During times of divorce, spouses are faced with emotional distress along with the overwhelming process. When considering divorce, it is important to know your options. Since New Jersey is a no-fault state, this means that spouses do not have to claim a reason for their divorce by placing the blame on one party. Instead, the spouse can file for divorce by stating irreconcilable differences.
What Is Mediation?
Mediation is a process where spouses meet with a neutral third party to agree upon important factors in a divorce. These issues can include child support, child custody, alimony and more. During these meetings, the conversation will focus on reaching resolutions for these issues. This will require the cooperation of both spouses. Due to the cooperation needed to go through this process, mediation may not be for everyone. However, spouses are able to have their attorneys present during these sessions.
Through mediation, spouses can avoid the courtroom. They will not have to go through litigation, which can take away a family’s privacy. Also, they will have more control in the situation. When couples go through mediation, they are able to make decisions for themselves. However, in court, a judge is responsible for making those decisions. This can lead to an unsettling outcome for the individuals. Litigation can also be a time-consuming process. Due to the time-consuming nature of court, couples may pay even more money in fees for attorneys. Mediation is done at the pace of the couple. They can take as long as they need. Due to this, couples may be able to save time and money through mediation as compared to taking the case to court.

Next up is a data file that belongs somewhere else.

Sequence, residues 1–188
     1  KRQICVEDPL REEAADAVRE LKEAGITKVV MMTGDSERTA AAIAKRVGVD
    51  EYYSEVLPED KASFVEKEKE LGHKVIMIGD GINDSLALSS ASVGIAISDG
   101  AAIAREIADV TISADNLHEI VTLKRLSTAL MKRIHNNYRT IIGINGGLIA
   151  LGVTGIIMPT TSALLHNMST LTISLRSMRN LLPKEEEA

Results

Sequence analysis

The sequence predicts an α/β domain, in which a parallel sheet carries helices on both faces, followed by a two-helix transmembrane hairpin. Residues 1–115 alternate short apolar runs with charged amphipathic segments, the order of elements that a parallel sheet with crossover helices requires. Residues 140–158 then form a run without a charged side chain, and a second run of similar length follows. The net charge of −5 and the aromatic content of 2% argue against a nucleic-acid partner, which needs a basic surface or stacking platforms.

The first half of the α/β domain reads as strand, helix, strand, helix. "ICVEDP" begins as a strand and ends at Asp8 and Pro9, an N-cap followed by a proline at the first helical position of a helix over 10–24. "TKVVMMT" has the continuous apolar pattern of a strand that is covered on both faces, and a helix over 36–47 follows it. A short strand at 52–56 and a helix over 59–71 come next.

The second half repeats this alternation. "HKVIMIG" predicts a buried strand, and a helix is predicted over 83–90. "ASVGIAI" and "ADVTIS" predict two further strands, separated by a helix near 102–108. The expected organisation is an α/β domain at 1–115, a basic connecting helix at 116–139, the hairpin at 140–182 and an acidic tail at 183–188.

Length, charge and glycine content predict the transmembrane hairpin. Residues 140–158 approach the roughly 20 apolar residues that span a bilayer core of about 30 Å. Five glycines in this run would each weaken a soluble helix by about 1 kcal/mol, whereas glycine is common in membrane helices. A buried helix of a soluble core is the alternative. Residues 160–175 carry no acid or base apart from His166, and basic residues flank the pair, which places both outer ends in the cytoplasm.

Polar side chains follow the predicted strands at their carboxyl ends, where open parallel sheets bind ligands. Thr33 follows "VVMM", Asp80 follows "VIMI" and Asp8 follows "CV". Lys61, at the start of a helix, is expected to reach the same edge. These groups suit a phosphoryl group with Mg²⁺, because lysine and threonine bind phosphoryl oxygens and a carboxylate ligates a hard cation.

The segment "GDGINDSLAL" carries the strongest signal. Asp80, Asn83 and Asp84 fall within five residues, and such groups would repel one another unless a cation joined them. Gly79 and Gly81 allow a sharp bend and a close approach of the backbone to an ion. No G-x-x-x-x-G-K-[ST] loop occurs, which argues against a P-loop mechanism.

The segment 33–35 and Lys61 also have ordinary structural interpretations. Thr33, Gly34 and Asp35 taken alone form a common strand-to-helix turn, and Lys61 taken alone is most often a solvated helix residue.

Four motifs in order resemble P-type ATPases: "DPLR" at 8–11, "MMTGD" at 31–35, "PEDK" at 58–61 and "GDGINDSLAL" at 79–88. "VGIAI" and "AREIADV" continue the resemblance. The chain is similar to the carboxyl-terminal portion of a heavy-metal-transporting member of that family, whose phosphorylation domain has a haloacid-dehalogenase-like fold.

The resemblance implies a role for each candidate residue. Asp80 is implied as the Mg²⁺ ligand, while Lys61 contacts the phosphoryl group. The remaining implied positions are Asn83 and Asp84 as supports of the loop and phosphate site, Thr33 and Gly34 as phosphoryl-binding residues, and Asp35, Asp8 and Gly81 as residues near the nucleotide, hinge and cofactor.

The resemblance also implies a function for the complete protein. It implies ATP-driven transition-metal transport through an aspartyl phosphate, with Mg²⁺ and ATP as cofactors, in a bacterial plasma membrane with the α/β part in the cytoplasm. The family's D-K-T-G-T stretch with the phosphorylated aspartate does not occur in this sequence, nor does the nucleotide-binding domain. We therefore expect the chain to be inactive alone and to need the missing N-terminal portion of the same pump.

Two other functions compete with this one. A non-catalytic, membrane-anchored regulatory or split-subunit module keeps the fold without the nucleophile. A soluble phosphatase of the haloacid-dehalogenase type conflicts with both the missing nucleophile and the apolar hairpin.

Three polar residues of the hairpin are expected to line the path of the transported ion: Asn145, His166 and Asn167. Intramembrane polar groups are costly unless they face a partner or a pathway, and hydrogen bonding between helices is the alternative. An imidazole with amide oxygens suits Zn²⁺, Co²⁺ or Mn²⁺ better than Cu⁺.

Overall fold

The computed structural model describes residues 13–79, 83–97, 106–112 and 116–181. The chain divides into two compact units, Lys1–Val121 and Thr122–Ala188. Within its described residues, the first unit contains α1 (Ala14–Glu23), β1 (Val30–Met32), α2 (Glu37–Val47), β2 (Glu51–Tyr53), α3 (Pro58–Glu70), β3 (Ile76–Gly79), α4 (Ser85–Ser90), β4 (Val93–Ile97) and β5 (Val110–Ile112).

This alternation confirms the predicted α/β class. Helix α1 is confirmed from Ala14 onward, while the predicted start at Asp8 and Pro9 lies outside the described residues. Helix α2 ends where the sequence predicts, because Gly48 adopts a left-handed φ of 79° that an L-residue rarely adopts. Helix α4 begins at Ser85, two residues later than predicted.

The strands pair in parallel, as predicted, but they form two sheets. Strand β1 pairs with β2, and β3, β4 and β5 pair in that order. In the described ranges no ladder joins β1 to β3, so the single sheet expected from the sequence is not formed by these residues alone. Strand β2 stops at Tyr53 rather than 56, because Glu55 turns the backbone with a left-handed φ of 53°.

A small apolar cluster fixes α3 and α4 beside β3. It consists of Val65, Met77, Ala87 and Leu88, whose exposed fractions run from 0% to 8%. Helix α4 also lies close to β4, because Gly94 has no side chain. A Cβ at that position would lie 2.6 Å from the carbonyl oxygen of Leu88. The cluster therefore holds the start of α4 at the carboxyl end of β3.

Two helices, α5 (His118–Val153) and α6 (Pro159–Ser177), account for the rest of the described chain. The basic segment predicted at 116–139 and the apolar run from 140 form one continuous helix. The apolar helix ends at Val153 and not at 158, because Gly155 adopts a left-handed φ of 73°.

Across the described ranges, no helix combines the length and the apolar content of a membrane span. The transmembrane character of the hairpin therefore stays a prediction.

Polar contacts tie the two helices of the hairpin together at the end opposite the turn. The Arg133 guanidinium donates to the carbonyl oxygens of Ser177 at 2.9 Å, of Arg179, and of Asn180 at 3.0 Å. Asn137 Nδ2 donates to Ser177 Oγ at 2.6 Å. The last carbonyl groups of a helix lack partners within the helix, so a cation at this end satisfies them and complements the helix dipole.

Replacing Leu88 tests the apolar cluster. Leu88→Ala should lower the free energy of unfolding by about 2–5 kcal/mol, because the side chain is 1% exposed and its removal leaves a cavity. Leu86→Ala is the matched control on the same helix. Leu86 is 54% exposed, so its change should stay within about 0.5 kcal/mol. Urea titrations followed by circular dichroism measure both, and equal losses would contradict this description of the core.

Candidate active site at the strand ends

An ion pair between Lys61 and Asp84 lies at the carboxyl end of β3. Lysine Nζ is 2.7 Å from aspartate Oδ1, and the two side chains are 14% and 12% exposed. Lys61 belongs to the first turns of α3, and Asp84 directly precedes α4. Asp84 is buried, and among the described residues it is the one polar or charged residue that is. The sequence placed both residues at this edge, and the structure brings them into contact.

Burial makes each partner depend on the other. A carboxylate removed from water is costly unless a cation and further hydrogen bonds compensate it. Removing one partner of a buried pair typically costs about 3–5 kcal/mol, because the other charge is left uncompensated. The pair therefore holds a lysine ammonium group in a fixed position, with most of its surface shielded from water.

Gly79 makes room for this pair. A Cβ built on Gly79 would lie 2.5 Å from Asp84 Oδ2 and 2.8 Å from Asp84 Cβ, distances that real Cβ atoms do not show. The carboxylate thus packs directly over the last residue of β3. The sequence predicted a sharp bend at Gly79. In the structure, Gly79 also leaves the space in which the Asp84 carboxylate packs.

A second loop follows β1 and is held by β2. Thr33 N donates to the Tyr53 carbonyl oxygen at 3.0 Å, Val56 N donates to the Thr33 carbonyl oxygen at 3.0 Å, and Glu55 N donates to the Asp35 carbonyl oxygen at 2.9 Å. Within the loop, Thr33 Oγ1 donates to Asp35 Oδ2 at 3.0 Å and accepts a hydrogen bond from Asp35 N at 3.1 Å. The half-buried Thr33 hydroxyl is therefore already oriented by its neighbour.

Can I Still Cite Fault when Filing?
Although New Jersey is a no-fault state, spouses are still allowed to cite fault when filing for divorce. These reasons may include adultery, abandonment, incarceration or physical and mental cruelty. When filing for divorce, it is important that the minimum residency requirement is met. This means that one or both spouses have lived in New Jersey for more than a year. With this requirement in place, it grants jurisdiction of the case to a certain court.
What Is a Contested Divorce?
When divorces are contested, it is usually due to disagreements on certain factors in a marriage. This can include child support, child custody, alimony or the division of assets. If spouses decide to undergo meditation, but the process is not working for them, they have the opportunity to contest the divorce. This will bring the divorce case to court and allow for a judge to make decisions regarding the factors involved in a divorce. In court, it is important to have trustworthy representation to work with your best interests in mind.
Juan C. Velasco, Esq. is a trusted attorney who concentrates on bankruptcy, family law, real estate, and estate matters who has been serving the New Jersey area for over 25 years. If you are in need of experienced legal counsel, please contact Velasco Law Office and we will be happy to assist you.